Any electrical circuit has resistance, and electrical resistance is the principle upon which both CPUs and toasters are designed. Electrical semiconductors have the unusual trait of being able to switch between low and high resistance when electrical current is applied in a certain way, and those states represent the 1s and 0s of a logic circuit. Although the logic circuits of a CPU are not intended to create heat, those principles mean that we’re all running little tiny hotplates in our machines.
Data processing is the added benefit of designing your toaster as group of logic circuits, but how do we prevent the little chunks of glass upon which those circuits are etched from melting into a toasted lump? A chunk of metal designed to draw heat away from another object is called a sink, and that’s what’s at the core of CPU cooling.
Yet the name “heat sink” really doesn’t mean much, because a sink is simply something that absorbs heat. More than simple sinks, a large surface area of fins helps CPU coolers transfer heat to a greater volume of comparatively cool air. Those fins make a standard CPU heat sink a type of radiator, in spite of the nomenclature. And like most radiators, convection is a more significant cooling force than radiation, as the rising of warm air causes cool air from beneath to take its place.
Heat is proportional to things like clock frequency, circuit voltage, circuit complexity and the material upon which the circuit is engraved. While a few low-energy CPUs can be cooled using nothing more than a set of fins, most desktop users want more performance, which comes at the cost of more energy (heat) to dissipate.
When natural convection doesn’t replace warm air with cool air fast enough, forced convection is accomplished by adding a fan. The above image shows a rare all-copper cooler, which relies on the principle that copper transfers heat faster than aluminum. It also weighs and costs more than aluminum. Manufacturers often surround a copper pillar with aluminum fins in order to achieve better cooling-to-cost and cooling-to-weight ratios.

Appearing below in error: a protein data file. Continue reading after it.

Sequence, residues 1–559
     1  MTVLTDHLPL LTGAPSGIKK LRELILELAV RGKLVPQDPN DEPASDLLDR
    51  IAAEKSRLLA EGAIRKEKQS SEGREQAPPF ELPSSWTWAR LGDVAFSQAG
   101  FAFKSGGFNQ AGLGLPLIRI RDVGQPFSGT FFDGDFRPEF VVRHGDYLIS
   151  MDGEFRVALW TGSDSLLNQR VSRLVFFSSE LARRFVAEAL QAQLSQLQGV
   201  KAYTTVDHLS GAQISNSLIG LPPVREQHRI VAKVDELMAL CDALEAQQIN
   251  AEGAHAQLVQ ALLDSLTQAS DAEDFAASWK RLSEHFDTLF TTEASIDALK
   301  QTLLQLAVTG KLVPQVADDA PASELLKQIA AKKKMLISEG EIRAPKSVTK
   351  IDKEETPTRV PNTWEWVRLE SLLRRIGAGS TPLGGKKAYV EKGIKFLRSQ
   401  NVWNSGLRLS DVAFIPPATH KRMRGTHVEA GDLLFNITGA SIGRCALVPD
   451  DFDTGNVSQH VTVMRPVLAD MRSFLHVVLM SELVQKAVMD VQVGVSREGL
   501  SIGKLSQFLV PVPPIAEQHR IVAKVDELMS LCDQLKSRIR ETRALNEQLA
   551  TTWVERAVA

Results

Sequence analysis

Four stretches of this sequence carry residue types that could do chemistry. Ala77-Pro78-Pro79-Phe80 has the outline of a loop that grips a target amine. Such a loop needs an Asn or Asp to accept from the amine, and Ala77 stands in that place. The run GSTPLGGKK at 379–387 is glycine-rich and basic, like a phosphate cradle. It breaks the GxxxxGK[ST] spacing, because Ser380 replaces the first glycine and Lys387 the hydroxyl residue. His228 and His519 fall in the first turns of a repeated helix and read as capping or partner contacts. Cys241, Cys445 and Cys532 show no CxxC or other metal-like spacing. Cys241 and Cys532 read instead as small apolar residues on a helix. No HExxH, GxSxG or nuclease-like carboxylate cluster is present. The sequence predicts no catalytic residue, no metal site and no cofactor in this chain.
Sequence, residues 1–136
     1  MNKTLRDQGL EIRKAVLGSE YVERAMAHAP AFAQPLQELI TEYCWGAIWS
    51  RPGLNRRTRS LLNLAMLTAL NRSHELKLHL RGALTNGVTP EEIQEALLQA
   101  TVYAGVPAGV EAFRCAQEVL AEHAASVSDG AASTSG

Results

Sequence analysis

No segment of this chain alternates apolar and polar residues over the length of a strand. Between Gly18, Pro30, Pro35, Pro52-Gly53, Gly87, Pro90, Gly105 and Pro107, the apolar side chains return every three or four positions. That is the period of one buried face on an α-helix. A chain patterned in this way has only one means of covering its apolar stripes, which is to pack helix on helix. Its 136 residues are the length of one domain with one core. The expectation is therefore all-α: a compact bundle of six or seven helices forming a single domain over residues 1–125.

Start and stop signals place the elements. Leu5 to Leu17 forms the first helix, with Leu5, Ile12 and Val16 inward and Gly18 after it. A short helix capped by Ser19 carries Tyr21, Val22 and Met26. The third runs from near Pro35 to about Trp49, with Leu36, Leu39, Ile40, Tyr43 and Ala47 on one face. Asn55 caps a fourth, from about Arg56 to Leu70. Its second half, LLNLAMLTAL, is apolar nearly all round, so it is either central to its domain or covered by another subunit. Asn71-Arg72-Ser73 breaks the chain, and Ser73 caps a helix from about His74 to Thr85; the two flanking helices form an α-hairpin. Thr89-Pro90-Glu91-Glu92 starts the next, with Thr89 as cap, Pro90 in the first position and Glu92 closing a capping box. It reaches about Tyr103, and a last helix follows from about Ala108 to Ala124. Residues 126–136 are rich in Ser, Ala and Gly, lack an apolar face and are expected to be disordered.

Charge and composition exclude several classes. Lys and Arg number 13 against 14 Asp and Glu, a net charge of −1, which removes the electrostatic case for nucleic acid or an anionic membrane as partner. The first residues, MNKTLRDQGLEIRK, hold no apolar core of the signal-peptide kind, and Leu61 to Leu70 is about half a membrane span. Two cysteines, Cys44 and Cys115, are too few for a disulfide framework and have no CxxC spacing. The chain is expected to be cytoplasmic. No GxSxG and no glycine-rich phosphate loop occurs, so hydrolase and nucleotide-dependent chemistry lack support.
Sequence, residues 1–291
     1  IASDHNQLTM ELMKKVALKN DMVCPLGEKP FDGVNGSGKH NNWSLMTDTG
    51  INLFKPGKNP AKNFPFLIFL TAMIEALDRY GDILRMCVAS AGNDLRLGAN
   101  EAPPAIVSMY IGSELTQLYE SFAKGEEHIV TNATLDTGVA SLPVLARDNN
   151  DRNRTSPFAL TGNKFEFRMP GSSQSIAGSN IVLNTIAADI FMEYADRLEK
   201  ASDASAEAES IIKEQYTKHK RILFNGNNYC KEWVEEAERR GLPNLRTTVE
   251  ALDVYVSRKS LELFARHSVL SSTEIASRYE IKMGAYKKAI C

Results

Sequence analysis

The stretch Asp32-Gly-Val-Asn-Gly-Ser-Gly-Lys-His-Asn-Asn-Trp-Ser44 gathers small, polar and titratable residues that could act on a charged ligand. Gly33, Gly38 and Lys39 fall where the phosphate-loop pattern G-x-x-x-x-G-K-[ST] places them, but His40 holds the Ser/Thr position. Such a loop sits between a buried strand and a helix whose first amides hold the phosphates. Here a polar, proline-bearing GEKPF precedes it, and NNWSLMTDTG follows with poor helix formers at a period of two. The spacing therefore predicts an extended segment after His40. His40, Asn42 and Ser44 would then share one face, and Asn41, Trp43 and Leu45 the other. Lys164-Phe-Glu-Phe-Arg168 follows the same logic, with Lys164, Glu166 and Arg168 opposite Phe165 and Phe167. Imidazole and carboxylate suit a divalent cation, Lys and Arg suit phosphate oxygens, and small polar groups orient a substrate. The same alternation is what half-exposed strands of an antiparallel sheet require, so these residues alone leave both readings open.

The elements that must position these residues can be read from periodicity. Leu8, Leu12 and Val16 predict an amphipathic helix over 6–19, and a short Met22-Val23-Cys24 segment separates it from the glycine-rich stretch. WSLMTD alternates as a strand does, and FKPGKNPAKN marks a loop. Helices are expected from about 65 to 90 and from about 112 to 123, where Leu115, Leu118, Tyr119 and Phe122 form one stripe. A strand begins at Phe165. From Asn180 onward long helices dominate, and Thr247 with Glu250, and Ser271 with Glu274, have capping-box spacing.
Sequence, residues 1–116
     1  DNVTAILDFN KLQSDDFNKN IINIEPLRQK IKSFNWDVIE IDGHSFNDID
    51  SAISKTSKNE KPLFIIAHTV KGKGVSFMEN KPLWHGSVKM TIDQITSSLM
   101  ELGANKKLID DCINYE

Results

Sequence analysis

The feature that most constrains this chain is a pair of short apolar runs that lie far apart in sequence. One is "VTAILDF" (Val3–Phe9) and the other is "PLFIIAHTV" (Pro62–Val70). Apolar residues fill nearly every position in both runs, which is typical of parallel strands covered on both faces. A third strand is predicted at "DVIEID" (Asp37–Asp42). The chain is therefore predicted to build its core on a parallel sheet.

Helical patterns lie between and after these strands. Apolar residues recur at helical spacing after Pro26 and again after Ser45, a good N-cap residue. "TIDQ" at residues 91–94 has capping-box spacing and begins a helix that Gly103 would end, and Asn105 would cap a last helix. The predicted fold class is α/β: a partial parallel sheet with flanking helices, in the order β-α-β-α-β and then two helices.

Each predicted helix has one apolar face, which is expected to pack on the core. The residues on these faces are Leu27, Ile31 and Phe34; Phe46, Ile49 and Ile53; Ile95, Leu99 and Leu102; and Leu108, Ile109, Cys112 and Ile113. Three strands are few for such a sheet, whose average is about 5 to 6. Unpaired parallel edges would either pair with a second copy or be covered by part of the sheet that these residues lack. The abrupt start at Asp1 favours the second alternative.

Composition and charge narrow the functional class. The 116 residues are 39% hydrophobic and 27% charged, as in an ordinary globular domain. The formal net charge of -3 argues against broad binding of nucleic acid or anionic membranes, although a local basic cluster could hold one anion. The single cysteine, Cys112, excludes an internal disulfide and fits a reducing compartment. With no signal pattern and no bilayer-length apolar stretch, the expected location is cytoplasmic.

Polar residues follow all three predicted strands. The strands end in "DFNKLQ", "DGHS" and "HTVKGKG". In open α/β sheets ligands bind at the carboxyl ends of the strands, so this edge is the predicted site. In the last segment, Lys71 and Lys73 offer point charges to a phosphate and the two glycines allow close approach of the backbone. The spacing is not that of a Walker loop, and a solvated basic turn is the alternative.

More fans and more surface area give a CPU cooler even greater capacity. Liquid cooling allows enormous radiators that wouldn’t fit over the motherboard to instead be mounted to a panel on the case. The CPU is topped with a component called a water block, which transfers heat to the liquid. A pump, seen mounted on the side of the radiator depicted above moves water (or coolant) through a series of channels on the radiator and water block.
While any of these solutions maximize contact with moving air, none would work well if the CPU were not making contact with the cooling apparatus. Thermal interface material fills the gaps between the top of the CPU package, eliminating the trapped air that would otherwise act as an insulator. Most CPU coolers ship with some type of thermal interface material, and many coolers come with that material factory-applied to the mating surface. Performance enthusiasts often seek out better-performing products to replace the cooler manufacturer’s solution, although the difference between various products designed for the task is usually quite small.
Compressor units are on the extreme end of the complexity curve, using refrigerant to produce CPU core temperatures far below ambient conditions. These generally use far more energy than the processor does, and can scale up to designs that compress and cool air in several stages to produce a liquid-nitrogen drip. Condensation around cold components becomes a big concern, so that even the simplest “refrigerator” designs are generally used just for exhibition purposes.
Of course the Bigger Is Better rule is limited by case size, but there are a few other factors to consider. Since this is a beginner’s article, we’ll cover the range of coolers that make up our Best CPU Cooling awards showcase. These include Big Air coolers over 6” tall, Slim designs that are under 3” tall, Mid-Sized coolers from three to six inches tall, and pre-filled liquid cooling kits.